And find links between these theories to today’s society. There are various Sociological deviance theories, including Structuralist: why do some people break the rules? , Marxists: who makes the rules, and who benefits from their enforcement? , and Interactionist: How did this person become processed (labeled) as a deviant? Sociology asserts that deviance is problematic, yet essential and intrinsic to any conception of Social Order. It is problematic because it disrupts but is essential because it defines the confines of our shared reality.
According to sociologist , William Graham Sumner, deviance is a violation of established contextual, cultural, or social norms, whether folkways, mores, or codified law (1906). It can be as minor as picking one’s nose in public or as major as committing murder. Although the word “deviance” has a negative connotation in everyday language, sociologists recognize that deviance is not necessarily bad (Schoepflin 2011). In fact, from a structural functionalist perspective, one of the positive contributions of deviance is that it fosters social change. For example, during the U.S. civil rights movement, Rosa Parks violated social norms when she refused to move to the ‘black section” of the bus, and the Little Rock Nine broke customs of segregation to attend an Arkansas public school. Crime as cited by Mustapha is any action that breaks the law of the land and is punishable by formal controls (2009). Many theories and explanations have been put forward as to what cause crime in society, the Macro –sociological theories of crime and deviance are based on the premise that they arise from society’s social structure or organization .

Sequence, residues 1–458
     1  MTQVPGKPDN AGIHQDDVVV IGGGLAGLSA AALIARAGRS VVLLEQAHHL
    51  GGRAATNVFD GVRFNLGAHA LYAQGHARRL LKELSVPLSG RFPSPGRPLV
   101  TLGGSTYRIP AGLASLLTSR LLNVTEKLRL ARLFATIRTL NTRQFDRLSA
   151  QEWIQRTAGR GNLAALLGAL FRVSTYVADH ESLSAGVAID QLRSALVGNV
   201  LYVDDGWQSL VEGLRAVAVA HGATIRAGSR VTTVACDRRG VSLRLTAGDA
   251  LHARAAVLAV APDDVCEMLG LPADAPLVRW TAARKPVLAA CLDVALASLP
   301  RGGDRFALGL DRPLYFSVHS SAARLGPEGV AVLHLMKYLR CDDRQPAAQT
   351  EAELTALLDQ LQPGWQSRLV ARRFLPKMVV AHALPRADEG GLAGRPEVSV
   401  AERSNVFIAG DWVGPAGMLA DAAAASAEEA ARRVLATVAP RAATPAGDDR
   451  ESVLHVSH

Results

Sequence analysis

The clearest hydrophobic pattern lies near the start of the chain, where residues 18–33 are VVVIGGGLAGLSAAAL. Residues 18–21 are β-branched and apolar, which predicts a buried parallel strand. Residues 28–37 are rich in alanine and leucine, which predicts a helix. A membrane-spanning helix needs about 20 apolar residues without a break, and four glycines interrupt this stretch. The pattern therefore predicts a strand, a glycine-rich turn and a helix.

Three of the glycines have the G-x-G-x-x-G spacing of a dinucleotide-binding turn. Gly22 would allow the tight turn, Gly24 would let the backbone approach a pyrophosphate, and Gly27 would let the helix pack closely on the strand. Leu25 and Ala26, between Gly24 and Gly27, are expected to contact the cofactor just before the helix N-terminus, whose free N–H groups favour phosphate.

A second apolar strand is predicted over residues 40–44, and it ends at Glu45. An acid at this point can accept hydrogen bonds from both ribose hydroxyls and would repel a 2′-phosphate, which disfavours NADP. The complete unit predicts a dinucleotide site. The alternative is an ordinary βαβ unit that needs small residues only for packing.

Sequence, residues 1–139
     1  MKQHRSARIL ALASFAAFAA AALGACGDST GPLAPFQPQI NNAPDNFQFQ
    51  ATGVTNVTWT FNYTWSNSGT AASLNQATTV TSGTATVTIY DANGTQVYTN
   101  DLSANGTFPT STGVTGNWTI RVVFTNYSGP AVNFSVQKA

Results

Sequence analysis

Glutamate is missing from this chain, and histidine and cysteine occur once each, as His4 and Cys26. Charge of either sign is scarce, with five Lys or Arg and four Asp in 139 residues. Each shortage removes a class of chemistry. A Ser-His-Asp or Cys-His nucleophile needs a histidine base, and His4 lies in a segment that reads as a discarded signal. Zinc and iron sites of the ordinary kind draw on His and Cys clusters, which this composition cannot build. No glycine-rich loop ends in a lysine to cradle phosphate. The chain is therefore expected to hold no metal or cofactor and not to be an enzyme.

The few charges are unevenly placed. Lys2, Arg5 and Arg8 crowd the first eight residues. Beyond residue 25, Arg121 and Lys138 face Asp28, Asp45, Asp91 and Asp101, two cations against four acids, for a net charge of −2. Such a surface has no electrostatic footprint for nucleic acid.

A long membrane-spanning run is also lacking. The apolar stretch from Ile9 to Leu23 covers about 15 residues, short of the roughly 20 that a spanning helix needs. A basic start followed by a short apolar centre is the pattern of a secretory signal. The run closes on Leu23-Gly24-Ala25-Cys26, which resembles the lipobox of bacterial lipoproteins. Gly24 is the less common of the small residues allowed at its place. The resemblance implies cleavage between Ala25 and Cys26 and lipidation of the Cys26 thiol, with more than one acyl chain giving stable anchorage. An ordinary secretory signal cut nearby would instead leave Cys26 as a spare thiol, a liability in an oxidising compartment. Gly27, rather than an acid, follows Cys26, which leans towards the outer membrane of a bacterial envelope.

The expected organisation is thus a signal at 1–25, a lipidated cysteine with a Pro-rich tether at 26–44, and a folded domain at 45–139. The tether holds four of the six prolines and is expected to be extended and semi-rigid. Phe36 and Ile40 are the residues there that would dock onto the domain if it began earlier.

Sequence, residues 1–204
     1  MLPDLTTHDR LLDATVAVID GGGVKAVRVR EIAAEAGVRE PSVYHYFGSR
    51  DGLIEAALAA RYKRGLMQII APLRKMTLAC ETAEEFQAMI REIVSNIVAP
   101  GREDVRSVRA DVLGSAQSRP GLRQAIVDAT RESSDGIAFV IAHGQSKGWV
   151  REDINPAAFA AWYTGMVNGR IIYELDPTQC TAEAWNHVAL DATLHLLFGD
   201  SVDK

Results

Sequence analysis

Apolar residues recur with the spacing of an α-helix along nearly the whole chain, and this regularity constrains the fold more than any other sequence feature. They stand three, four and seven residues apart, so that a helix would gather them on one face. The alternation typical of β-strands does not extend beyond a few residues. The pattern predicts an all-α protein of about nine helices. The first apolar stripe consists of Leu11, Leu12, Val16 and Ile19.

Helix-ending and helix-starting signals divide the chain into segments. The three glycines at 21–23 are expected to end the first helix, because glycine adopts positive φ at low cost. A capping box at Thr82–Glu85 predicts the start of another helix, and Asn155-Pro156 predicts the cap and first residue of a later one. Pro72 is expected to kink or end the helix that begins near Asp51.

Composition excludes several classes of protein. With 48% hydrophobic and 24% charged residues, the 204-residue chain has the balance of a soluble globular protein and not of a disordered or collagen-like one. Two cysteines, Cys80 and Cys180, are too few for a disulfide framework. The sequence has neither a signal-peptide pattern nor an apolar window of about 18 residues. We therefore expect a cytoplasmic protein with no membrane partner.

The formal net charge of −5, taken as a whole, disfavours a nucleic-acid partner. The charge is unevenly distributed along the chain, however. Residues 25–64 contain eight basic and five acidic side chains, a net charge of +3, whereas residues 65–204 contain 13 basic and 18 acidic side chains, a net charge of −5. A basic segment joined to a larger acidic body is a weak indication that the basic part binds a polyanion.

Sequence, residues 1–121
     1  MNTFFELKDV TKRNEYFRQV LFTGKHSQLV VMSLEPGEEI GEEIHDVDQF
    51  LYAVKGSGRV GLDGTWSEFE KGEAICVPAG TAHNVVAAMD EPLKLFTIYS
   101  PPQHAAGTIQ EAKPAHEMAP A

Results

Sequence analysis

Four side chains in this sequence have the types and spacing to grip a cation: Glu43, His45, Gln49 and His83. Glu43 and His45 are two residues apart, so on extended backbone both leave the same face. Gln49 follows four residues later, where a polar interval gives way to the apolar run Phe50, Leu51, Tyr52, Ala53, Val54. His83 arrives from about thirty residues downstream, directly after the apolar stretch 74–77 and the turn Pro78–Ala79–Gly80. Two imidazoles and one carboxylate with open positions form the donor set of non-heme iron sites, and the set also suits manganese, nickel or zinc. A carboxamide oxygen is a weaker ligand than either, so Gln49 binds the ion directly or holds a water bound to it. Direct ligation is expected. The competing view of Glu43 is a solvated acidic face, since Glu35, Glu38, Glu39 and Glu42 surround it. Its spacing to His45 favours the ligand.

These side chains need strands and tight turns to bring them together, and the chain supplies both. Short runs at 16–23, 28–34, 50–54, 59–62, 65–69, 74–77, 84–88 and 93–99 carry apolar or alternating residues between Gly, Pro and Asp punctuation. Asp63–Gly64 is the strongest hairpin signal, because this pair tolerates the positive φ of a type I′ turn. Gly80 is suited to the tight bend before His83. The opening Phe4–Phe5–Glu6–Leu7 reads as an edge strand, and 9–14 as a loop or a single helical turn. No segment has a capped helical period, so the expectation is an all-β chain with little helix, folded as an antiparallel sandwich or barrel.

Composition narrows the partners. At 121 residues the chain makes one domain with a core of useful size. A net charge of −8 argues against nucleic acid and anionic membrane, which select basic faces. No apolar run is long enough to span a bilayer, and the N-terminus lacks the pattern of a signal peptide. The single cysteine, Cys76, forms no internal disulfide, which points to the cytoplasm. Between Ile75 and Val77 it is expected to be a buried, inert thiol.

Taking the functionalist view in perspective, this approach based mainly on the work of Durkheim, argues that deviant and criminal behaviour plays an active, constructive role in society by ultimately helping to cohere different populations within a particular society. Durkheim postulated that a certain amount of crime and deviance as normal and an integral part of all healthy societies. (Haralambos and Holburn,2008). This is because it acts as a ‘safety valve’, providing a relatively harmless way for someone to express their discontent.
For example, Cohen said that “prostitution performs such a safety valve function without threatening the institution of the family”, this is because he believed this crime of prostitution could relieve the stress in a discrete way without damaging the rest of the clients life. Clinard believed that crime also served the function of acting as a warning device. This is because the crime indicates that there is an aspect of society that is malfunctioning. So the crime draws attention to the problem within society, which can then be fixed. Durkheim stated that crime in society isn’t genetically produced, but is natural in society.
However, he did say that too much crime was dangerous in a society. The functionalist continue to say that deviance and helps to distinguish between acceptable and unacceptable behaviour. It draws lines and demarcates boundaries. This is an important function that affirms the cultural values and norms of a society for the members of that society. In addition to clarifying the moral boundaries of society, deviant behaviour can also promote social unity by creating an “us-versus-them” mentality in relation to deviant individuals. Finally, deviance and crime is actually seen as one means for society to change over time.